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    Proposals to Downgrade English in Schools Stir Debate in China

    For decades, English has been a compulsory subject in Chinese schools alongside Chinese and math. But there are growing calls for this status to be rolled back.
    Mar 14, 2023#education#policy

    Proposals to downgrade English from being a compulsory subject in Chinese schools have stirred heated debate in China over recent days, with rural parents appearing more supportive of the idea than those living in major Chinese cities.

    For decades, English has been a compulsory subject in all Chinese schools from primary school through high school — the only class to receive this status apart from Chinese and math.

    But that could be about to change. At this year’s “two sessions” — an annual meeting of China’s top legislative and advisory bodies, which concluded Monday — several representatives proposed scaling back English teaching.

    Chen Weizhi, a member of the Chinese People’s Political Consultative Conference, an advisory body, suggested reducing the role of English in schools in several ways, as the subject is poorly taught and given an excessive emphasis in the curriculum.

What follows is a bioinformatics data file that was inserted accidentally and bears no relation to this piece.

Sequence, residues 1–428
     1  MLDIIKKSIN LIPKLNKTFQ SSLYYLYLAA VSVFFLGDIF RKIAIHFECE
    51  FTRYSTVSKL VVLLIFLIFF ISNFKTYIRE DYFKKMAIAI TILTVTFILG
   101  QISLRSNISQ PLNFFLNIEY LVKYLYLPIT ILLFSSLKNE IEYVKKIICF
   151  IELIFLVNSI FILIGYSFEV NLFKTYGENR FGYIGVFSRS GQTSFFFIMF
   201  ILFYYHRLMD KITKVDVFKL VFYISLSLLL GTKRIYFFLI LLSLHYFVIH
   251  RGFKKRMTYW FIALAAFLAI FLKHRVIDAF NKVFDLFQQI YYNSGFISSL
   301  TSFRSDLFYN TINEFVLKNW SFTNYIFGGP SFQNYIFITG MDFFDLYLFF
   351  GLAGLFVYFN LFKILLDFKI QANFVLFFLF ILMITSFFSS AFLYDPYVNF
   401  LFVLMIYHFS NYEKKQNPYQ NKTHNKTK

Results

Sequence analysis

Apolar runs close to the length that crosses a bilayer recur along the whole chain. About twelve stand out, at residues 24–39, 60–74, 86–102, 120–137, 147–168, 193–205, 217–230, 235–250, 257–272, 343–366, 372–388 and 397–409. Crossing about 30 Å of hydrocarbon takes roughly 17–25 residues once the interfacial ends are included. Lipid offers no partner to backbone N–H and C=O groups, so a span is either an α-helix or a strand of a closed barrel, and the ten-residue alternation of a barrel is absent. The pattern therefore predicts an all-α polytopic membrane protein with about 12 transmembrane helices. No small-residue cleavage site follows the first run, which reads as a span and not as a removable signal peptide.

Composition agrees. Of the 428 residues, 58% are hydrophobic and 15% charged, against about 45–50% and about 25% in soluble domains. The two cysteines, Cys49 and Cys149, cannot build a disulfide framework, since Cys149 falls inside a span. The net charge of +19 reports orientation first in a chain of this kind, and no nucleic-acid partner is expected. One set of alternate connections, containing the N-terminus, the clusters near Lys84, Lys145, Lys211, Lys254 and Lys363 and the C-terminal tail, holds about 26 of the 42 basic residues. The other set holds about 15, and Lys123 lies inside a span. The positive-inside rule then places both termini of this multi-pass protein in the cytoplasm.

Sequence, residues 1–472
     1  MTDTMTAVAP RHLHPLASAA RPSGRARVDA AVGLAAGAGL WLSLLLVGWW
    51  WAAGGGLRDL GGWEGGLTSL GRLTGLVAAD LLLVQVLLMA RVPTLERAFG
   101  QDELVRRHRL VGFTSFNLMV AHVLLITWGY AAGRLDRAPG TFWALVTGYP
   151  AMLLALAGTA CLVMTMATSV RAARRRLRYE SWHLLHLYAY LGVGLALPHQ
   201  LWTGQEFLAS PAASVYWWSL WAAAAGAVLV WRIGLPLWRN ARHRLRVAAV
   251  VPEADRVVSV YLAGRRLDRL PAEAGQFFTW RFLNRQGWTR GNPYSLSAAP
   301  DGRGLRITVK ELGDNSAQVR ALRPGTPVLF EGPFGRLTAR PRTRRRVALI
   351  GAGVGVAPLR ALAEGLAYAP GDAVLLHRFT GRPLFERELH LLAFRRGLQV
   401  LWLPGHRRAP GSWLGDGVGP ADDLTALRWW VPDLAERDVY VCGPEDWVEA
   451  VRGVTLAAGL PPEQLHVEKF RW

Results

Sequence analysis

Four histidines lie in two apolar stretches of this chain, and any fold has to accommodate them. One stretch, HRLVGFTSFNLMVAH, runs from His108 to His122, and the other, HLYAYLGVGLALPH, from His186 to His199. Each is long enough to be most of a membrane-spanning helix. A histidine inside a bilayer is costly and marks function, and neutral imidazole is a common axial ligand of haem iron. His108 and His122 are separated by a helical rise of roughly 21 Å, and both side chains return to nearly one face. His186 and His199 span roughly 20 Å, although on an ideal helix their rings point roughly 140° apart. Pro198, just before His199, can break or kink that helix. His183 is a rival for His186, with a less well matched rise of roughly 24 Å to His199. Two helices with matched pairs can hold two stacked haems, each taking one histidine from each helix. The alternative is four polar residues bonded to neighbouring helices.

These proposals included scrapping English classes for first and second graders, and making English an optional rather than a compulsory subject in China’s most important national exams: namely, the high school enrolment exams, or zhongkao, and college entrance exams, known as the gaokao.

    Tuo Qingming, a deputy to the National People’s Congress, China’s top legislative body, also proposed reducing the importance of English in the gaokao

    He said that since most people don’t use English in their daily lives, learning the language was unnecessarily adding to the pressure on students. Scaling back English teaching would also help combat inequality, as urban children find it easier to access language learning resources than those in rural areas, he suggested.

    “The weight (given to English) in college entrance exams should be lowered to ease the pressure on students, especially those from rural schools,” Tuo said.

    It is unclear whether any of these proposals will be taken forward and become official policy. Similar ideas have been discussed repeatedly at the “two sessions,” with a proposal to cancel English exams in the gaokao in 2017 also generating heated debate online.

    In 2017, polls suggested that the Chinese public was split down the middle over the issue, with some surveys showing a slender majority in favor of downgrading English in the gaokao.

    Now, the new proposals are once again stirring discussion. On Monday, a well-known education influencer known as Zeicha published a widely shared article in support of English language learning. 

    In the article, Zeicha said the argument that “most people won’t be using English in their life and work” did not make sense, as few people used classical Chinese or complicated algebra in their daily lives either. What’s more, English remains a common lingua franca for people all over the world working in business, science, and technology.